Classic Film Review: ‘Nebraska’


[Originally published March 18, 2014]

In this era of modern cinema—namely, with the arrival and ubiquity of color film—black and white film has enjoyed a considerable boost in popularity. It has come to signify an awareness of and appreciation for the glorified days of early cinema—there was, obviously, a time when every film was shot this way. However, such films can come off as contrived and pretentious, even unoriginal—something that any poor sap with a Monochrome setting on his video camera can create. Alexander Payne’s latest opus Nebraska, however, was clearly filmed this way for a reason.

The film opens on a series of wide shots showing a grizzled geezer in a black jacket hobbling determinedly alongside a treacherous Montana freeway. As it turns out, this old fellow is Korean War veteran Woody Grant (played by prolific Western star Bruce Dern). A fraudulent piece of publisher’s junk mail has led the boozy, emotionally distant Woody to believe he has won a million dollars, and he intends to travel to Lincoln, Nebraska (hence, the title) to claim his earnings—all much to the dismay of his long-suffering wife Kate (June Squibb) and their grown sons David (Will Forte) and Ross (Bob Odenkirk). David eventually decides to drive his father to Lincoln. En route to their destination, they organize a family reunion in Woody’s tiny, eccentric hometown of Hawthorne. There, they encounter plenty of would-be well-wishers eager to cash in on Woody’s newfound wealth—including his shady former business partner Ed Pegram (Stacy Keach).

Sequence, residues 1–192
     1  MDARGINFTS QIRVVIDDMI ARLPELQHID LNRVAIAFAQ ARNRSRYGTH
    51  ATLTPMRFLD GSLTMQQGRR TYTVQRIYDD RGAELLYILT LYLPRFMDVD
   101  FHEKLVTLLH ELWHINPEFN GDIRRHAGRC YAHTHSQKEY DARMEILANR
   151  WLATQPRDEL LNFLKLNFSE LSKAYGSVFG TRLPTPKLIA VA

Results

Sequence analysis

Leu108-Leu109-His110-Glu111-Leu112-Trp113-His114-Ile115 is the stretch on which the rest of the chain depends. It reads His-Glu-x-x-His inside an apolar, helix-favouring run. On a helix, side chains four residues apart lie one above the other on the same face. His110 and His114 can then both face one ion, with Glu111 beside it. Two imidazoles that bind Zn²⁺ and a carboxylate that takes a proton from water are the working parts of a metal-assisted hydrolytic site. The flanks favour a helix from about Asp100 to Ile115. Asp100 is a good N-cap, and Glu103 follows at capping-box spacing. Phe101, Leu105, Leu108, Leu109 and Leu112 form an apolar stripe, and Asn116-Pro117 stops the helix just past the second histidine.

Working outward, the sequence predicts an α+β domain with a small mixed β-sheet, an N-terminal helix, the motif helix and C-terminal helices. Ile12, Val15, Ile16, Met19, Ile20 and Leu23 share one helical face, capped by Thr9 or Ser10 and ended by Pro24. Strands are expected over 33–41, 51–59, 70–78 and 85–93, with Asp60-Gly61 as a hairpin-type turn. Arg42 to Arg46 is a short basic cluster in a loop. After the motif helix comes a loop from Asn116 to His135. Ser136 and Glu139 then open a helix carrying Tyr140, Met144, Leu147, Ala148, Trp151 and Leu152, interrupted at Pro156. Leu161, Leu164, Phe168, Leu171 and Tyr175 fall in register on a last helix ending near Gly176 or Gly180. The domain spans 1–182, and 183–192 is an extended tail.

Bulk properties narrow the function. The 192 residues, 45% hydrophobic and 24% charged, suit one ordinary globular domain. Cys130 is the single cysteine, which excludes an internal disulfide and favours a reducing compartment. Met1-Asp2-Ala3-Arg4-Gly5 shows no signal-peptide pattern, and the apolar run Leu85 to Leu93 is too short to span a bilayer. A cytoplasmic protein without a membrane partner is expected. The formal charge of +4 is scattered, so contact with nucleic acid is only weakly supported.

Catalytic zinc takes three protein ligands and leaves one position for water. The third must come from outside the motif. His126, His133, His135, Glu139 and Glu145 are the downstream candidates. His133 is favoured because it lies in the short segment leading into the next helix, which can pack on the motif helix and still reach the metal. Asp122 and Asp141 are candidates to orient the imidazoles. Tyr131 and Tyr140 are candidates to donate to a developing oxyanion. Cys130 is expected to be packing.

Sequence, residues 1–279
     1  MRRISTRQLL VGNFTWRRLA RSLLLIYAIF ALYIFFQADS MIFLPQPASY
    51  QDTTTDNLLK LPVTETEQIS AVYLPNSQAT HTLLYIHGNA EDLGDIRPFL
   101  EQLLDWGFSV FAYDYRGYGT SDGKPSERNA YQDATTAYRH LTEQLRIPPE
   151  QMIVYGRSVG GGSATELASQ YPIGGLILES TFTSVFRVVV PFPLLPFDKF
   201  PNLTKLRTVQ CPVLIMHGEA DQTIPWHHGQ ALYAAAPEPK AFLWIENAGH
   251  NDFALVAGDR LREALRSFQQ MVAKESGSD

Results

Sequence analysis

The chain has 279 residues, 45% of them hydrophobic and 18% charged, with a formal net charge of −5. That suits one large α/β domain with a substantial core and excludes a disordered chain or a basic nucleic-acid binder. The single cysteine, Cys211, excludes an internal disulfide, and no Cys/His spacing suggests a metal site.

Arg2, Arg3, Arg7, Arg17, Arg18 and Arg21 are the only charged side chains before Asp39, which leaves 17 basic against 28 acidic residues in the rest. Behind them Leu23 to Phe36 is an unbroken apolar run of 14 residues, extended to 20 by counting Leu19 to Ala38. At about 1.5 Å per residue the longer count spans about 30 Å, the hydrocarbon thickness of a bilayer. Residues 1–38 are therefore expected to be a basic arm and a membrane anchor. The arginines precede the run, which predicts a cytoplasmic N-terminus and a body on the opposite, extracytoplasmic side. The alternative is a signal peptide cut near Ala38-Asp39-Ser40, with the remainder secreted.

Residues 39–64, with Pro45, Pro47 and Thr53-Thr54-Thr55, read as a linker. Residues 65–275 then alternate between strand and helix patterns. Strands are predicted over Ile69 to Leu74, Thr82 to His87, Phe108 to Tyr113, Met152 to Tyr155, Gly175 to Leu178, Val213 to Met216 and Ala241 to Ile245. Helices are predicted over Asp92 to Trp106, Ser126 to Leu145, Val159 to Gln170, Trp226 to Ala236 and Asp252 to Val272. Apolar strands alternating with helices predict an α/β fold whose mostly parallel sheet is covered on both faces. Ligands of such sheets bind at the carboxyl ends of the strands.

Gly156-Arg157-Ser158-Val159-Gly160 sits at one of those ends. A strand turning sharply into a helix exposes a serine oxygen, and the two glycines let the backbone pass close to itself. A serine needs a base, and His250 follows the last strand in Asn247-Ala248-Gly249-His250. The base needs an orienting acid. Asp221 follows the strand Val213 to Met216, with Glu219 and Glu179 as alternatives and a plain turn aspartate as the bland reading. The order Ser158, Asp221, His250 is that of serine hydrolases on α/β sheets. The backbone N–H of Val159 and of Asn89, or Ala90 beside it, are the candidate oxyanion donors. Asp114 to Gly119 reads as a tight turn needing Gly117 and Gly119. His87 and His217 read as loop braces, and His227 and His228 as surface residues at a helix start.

With Nebraska, Mr. Payne (About Schmidt, The Descendants, et al) has once again brought a compelling, heartbreaking, and gorgeous story to the screen, thanks in large part to a well-chosen and able-bodied cast.

Throughout a career spanning half a century, the 77-year-old Dern has either been tragically underutilized or typecast as a psychopathic villain. Now, at long last, he seems to have arrived at a role deserving of the masterful craftsmanship and acting range. In this touching, emotionally raw performance—by far the best of his career—Dern is the film’s tragic hero. With his unkempt hair and thick stubble; his gravelly, wobbly whisper of a voice; and the eternal look of bewilderment in his gaunt face, Woody Grant is a man contending with his own mortality and the mistakes of his past, but with a fading grip on the present. We see him come to terms with a long history of alcohol abuse and a less-than-idyllic family dynamic, all while he struggles to ultimately regain his will to live—he intends, for instance, to buy a brand new truck with his prize money “just to have it.”

Heavy drama touched with light wit has become a Payne trademark, and Dern’s performance brings this to the forefront. We find ourselves, as viewers, affected in opposing ways by the saga of this confused old man and his worried family. We despair alongside Woody when his ex-bar buddies belittle him for believing in the sweepstakes hoax, though all the while we knew he had it coming. We get plenty of snickers out of his forlorn antics, but are still heartbroken by his slow descent into senility.